Richard Janko's acclaimed translation of Aristotle's Poetics is accompanied by the most comprehensive commentary available in English that does not presume knowledge of the original Greek. Two other unique features are Janko's translations with notes of both the Tractatus Coislinianus, which is argued to be a summary of the lost second book of the Poetics, and fragments of Aristotle's dialogue On Poets, including recently discovered texts about catharsis, which appear in English for the first time.60a36 There are several improbabilities (or indeed impossibilities) in this part of Odyssey XIII. Odysseus is conveyed to Ithaca sound asleep in a supernaturally swift Phaeacian ship; he is put ashore without being awakened, and the Phaeacian ship is turned to stone upon its return home (lines 86a184). ... 60b6a 61b25 aquestions that are raised [about epic]a Aristotlea#39;s examination of the frequent use of improbability in epic leads easily into poetic aproblemsa in general (problAmata, anbsp;...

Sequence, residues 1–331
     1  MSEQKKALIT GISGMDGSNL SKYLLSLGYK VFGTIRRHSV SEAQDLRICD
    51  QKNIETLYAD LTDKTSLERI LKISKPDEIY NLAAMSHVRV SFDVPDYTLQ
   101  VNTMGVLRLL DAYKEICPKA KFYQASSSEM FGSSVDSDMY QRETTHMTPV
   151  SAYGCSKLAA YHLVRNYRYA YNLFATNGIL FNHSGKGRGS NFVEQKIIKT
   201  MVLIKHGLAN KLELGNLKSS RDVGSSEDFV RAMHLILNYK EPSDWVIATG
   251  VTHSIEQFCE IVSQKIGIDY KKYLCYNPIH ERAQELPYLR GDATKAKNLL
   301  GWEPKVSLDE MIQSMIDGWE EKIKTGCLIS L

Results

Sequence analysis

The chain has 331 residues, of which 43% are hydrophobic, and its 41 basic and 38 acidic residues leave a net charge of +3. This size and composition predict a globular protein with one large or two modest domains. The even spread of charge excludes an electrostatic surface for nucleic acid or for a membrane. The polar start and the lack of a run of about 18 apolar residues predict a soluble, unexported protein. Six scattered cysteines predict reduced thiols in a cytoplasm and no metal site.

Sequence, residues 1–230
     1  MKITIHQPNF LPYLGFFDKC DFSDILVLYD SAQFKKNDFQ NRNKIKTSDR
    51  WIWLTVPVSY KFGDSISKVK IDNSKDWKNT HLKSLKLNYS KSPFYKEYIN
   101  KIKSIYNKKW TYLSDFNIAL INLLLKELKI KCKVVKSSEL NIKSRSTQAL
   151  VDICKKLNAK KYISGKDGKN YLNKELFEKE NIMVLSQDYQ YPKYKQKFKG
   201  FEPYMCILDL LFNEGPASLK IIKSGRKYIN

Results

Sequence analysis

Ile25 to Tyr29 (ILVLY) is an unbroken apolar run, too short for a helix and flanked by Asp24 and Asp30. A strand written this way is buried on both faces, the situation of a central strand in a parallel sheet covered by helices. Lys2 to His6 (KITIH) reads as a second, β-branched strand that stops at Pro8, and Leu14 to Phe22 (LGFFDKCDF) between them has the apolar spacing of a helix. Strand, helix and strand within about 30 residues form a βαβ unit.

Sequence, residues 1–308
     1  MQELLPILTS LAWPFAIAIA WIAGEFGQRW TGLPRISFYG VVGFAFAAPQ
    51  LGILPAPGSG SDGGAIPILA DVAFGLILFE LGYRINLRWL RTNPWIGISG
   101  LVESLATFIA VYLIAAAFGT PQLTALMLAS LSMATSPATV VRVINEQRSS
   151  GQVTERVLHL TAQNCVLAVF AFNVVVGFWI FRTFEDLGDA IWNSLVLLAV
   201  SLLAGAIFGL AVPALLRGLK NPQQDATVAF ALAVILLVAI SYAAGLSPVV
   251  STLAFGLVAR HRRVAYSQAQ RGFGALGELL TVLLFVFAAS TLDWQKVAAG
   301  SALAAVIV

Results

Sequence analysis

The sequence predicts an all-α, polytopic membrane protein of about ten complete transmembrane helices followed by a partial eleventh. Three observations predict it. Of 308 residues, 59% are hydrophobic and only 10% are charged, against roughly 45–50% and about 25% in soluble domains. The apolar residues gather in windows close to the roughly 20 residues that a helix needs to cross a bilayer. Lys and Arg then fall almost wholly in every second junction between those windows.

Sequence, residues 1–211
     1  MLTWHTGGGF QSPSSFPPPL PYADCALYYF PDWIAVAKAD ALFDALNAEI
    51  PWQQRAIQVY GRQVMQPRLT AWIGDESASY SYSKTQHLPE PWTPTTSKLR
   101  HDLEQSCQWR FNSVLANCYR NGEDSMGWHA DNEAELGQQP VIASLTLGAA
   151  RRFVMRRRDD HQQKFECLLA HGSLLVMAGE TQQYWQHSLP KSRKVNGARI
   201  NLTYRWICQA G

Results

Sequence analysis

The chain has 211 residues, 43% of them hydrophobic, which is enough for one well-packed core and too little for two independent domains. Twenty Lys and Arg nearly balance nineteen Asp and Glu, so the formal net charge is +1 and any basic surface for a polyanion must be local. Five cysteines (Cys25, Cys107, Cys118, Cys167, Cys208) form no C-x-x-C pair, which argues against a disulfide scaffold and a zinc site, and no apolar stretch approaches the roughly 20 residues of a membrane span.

|Author||:||Aristotle, Richard Janko|
|Publisher||:||Hackett Publishing - 1997-12-01|